You are viewing Allergic Living Canada | Switch to United States

Talking Allergies

* FAQ    * Search
* Login   * Register
It is currently Sun Apr 20, 2014 9:55 am

All times are UTC - 4 hours




Post new topic Reply to topic  [ 12 posts ] 
Author Message
 Post subject: Trying dairy in baking
PostPosted: Mon Jun 21, 2010 12:32 pm 
Offline

Joined: Sun Jun 20, 2010 10:28 pm
Posts: 4
My son 2.5 yrs with cow's milk protein allergy has been told we can introduce dairy in baking and he would tolerate it fine. I'm just wondering what kind of baking and what kind of dairy in baking I should try first...muffins with some butter in the recipe? Pancakes with some cow's milk in the recipe? Where do we start??? Any help would be great. Thanks!


Top
 Profile  
 
PostPosted: Mon Jun 21, 2010 1:54 pm 
Offline

Joined: Fri Oct 02, 2009 8:06 pm
Posts: 217
Location: Terrebonne, Quebec
Was it your allergist that reccomended that you try it? If it was did they do a challenge first? I would be worried about trying it for the first time at home with only epi-pens at hand. If you haven't received specific instructions on how to do it, i'd get an appointment with the allergist so they can explain it to you. As far as i'm aware, the longer it's baked the better, so muffins or a cake would be best but honestly I have no idea how it really works.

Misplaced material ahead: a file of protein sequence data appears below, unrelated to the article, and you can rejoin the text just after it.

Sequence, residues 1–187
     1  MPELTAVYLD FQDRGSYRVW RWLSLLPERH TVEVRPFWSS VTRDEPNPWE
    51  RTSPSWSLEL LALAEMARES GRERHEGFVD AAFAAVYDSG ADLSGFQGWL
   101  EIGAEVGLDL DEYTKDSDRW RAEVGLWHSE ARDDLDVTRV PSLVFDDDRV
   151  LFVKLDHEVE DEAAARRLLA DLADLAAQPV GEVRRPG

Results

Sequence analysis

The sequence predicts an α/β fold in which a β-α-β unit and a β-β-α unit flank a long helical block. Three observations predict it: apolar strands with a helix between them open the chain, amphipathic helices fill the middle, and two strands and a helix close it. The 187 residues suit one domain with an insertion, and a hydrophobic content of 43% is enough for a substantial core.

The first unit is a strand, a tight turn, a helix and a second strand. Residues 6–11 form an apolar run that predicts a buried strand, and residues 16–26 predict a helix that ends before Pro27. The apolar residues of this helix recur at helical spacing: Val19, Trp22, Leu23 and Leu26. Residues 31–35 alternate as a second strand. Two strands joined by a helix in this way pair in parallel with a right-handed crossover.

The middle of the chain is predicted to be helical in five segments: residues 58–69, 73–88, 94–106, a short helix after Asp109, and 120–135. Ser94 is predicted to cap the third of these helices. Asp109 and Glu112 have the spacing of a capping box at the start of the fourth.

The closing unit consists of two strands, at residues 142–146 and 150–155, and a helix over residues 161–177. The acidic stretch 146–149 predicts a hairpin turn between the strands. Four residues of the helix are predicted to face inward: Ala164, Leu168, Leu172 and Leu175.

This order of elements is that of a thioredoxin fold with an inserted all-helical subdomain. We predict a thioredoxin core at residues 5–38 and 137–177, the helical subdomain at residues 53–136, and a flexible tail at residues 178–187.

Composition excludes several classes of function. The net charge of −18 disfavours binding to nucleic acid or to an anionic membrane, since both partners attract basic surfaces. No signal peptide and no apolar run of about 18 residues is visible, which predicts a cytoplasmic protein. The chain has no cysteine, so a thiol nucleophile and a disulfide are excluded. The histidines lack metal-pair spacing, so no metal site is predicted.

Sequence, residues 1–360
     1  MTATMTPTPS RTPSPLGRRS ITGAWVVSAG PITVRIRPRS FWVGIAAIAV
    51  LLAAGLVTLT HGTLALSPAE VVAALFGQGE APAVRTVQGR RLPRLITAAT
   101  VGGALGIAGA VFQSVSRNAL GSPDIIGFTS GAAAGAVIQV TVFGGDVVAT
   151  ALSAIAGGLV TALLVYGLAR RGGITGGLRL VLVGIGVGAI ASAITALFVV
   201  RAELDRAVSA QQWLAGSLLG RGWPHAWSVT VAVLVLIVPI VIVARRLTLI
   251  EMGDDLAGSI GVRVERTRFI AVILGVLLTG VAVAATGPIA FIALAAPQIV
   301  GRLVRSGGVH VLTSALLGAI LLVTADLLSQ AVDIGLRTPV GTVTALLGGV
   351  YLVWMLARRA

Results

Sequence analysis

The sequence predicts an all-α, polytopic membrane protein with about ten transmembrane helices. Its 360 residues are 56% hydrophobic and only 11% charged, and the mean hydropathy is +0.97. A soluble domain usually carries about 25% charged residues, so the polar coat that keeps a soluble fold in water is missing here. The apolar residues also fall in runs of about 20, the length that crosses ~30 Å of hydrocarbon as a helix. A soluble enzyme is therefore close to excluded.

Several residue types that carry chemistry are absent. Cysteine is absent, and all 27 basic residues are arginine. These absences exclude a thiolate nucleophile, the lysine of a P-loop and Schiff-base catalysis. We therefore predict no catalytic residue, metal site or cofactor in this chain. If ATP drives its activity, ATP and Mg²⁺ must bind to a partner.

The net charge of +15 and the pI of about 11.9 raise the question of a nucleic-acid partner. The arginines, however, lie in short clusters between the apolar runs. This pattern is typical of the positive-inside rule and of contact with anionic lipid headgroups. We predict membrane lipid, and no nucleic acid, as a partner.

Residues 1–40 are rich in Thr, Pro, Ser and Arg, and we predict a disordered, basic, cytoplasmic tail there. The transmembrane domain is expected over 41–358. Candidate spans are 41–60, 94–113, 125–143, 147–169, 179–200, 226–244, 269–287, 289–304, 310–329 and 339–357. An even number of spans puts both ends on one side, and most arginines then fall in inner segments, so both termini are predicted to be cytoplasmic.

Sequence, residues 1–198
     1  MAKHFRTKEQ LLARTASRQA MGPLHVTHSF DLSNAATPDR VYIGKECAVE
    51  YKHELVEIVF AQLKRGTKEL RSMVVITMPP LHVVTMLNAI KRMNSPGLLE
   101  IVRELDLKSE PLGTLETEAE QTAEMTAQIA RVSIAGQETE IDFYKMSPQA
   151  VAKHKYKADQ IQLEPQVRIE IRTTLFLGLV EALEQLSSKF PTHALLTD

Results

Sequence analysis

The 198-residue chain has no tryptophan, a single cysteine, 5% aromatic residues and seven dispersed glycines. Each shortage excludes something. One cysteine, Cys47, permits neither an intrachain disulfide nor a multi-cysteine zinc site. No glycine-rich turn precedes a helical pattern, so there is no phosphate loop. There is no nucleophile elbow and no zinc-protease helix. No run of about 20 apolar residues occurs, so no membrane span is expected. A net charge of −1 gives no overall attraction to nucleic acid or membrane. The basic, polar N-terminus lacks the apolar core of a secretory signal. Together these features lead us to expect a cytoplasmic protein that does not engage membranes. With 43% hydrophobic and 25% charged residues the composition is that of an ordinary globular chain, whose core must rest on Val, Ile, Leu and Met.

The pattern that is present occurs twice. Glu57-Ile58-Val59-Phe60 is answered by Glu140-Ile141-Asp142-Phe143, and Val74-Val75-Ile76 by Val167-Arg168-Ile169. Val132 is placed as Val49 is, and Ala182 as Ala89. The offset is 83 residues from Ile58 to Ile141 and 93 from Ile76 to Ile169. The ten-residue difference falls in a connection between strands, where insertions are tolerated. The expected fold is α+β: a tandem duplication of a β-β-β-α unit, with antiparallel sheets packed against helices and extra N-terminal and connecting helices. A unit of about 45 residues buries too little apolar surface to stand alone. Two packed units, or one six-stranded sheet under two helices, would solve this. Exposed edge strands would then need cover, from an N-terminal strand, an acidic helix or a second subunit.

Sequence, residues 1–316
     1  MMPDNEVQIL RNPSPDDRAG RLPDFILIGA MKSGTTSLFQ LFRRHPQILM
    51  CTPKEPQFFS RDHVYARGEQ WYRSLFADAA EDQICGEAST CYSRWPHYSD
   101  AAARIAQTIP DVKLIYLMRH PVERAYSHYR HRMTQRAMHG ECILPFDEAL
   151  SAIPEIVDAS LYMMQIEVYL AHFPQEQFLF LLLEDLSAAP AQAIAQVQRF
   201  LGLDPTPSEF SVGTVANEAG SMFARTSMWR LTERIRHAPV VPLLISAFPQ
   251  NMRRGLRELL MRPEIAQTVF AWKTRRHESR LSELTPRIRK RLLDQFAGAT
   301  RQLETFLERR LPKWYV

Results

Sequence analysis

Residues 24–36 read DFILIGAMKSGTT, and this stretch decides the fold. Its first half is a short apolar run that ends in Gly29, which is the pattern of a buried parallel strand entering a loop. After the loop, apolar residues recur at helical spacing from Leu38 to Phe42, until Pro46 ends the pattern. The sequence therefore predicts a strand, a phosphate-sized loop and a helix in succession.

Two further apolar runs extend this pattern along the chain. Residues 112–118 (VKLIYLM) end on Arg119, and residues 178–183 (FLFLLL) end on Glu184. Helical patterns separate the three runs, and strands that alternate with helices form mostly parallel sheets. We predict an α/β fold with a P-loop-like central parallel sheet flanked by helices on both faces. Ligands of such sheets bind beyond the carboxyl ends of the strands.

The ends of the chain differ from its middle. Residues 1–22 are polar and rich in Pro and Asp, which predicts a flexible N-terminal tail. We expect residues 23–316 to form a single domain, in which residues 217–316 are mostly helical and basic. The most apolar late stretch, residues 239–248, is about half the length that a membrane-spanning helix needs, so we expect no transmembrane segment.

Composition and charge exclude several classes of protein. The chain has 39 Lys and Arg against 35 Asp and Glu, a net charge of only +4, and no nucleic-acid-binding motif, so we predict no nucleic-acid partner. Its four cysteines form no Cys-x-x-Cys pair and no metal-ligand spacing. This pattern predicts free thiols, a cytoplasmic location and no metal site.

_________________
Daughter 3.5 years) - Dairy, Eggs, Peanuts, Sesame, Beef; asthma and eczema
Daughter (2 years) - Peanuts Eczema
Son (7 months) - Contact allergy to something food undetermined


Top
 Profile  
 
PostPosted: Mon Jun 21, 2010 7:21 pm 
Offline

Joined: Tue Jun 26, 2007 2:45 pm
Posts: 790
Location: Vancouver, BC
There's an article in this month's Allergic Living on this very subject. http://www.allergicliving.com/features.asp?copy_id=384 I read it with interest, as my son can tolerate 'skim milk powder' baked into a cracker, but not 'modified milk ingredients' baked into a cookie, and my daughter can tolerate one muffin with egg as an ingredient, but not three pieces of corn bread also with egg.

Yes, as the previous poster said, I would be looking for additional instructions from my allergist regarding what to give, how long it is cooked for, how much, how often, etc. Hope it goes well!

_________________
DD 2004 Allergy to peanuts, egg, sesame, and new: lentils and chick peas
DS 2006 Allergy to peanuts, tree nuts, milk, egg, kiwi fruit, eczema


Top
 Profile  
 
PostPosted: Mon Jun 21, 2010 10:14 pm 
Offline

Joined: Wed Aug 10, 2005 11:21 am
Posts: 684
Location: Cobourg, ON
I read that same article in the magazine and I want to discuss this issue with our allergist. What interested me the most in the article was that for some children eating allergens in baked foods was helping them to increase their tolerance of the allergen and perhaps helping them to outgrown the allergy. The doctor quoted in the article said that eating the baked allergen should happen in the office of the allergist like an oral challenge.

_________________
11 year old daughter -- lives with life-threatening allergies to milk, eggs and peanuts; seasonal allergies (birch, maple, ragweed); pet allergies; asthma; and eczema
9 year old son - no allergies


Top
 Profile  
 
PostPosted: Tue Jun 22, 2010 12:29 am 
Offline

Joined: Mon Sep 05, 2005 12:53 am
Posts: 373
Location: Alberta